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United States Department of Agriculture

Agricultural Research Service

Research Project: SOIL CONSERVATION SYSTEMS FOR SUSTAINABILITY OF PACIFIC NORTHWEST AGRICULTURE

Location: Land Management and Water Conservation Research

Title: A Comparison of Soil Microbial Community Structure in Different Cultivars of Switchgrass

Authors
item Bailey, Vanessa - PACIFIC NW LABORATORY
item Fansler, Sarah - PACIFIC NW LABORATORY
item Smith, Jeffrey
item Bolton, Harvey - PACIFIC NW LABORATORY

Submitted to: Soil Science Society of America Annual Meeting
Publication Type: Abstract Only
Publication Acceptance Date: December 25, 2007
Publication Date: N/A

Technical Abstract: The cultivation of cellulosic substrates for the production of biofuels has stimulated interest in switchgrass as an energy feedstock. However, little research has been done with respect to the effects switchgrass production has on the soil microbial community. The structure and function of this community has substantial influence on the potential C dynamics of the soil during production, a component of the overall C “fingerprint” of this system. Thus, as part of a greater project examining all aspects of terrestrial C sequestration during switchgrass production, we identified four cultivars of switchgrass grown in research plots in Tennessee and sampled the soil in which it was grown. The cultivars were Alamo, Kanlow, and two breeder strains. The structures of the fungal and bacterial communities have been separately profiled using ribosomal intergenic spacer analysis (RISA) for each sample and will be analyzed to discern if there are any cultivar-dependent differences in these communities. We will also contrast the community structures in the Kanlow grown in Tennessee with that of Kanlow grown in Washington State.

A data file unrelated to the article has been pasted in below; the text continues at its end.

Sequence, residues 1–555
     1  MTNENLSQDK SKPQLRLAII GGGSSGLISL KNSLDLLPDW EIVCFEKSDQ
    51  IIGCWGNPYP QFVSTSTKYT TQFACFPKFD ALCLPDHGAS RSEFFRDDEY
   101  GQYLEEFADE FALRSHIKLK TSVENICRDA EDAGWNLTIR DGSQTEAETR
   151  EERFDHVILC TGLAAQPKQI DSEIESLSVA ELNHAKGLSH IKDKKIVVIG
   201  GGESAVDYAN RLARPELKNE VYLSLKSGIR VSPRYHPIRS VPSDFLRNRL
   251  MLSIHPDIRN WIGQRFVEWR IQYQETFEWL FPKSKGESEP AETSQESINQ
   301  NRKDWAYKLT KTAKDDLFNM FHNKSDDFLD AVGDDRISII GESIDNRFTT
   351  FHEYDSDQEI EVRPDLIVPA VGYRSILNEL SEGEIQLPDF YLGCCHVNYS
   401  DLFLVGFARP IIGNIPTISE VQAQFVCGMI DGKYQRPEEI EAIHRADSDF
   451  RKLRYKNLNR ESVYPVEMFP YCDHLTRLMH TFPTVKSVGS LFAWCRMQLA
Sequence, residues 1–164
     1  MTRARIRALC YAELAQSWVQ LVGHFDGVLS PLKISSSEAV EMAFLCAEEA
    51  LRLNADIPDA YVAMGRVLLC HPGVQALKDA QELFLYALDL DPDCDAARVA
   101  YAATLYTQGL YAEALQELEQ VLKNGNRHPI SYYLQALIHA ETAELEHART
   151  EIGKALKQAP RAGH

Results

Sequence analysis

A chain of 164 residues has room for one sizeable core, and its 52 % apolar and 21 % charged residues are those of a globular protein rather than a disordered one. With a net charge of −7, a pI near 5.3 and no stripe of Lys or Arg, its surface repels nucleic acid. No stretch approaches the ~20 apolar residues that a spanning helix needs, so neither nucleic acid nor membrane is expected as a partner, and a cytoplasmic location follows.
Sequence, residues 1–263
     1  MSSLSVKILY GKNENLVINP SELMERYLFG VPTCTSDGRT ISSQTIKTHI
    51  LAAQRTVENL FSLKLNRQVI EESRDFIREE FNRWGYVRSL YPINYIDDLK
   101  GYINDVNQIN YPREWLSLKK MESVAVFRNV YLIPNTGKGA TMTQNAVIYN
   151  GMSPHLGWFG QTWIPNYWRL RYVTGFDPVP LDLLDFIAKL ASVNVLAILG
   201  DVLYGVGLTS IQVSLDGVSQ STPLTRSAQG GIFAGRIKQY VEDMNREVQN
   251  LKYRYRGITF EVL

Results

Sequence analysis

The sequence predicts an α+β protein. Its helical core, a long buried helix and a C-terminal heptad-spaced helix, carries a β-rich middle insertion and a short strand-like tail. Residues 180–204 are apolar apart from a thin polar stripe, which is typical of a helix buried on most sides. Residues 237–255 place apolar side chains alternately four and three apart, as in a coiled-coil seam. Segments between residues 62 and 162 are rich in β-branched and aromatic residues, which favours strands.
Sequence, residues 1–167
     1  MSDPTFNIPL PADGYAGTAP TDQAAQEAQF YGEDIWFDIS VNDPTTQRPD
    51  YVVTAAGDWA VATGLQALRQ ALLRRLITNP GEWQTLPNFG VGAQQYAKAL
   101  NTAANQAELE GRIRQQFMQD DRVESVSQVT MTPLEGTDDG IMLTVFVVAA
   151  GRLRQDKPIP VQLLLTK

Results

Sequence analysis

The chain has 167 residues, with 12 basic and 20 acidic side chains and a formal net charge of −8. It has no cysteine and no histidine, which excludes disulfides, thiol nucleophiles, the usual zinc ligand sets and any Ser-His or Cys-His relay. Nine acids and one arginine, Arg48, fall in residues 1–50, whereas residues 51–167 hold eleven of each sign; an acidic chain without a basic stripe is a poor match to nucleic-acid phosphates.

Last Modified: 8/22/2014
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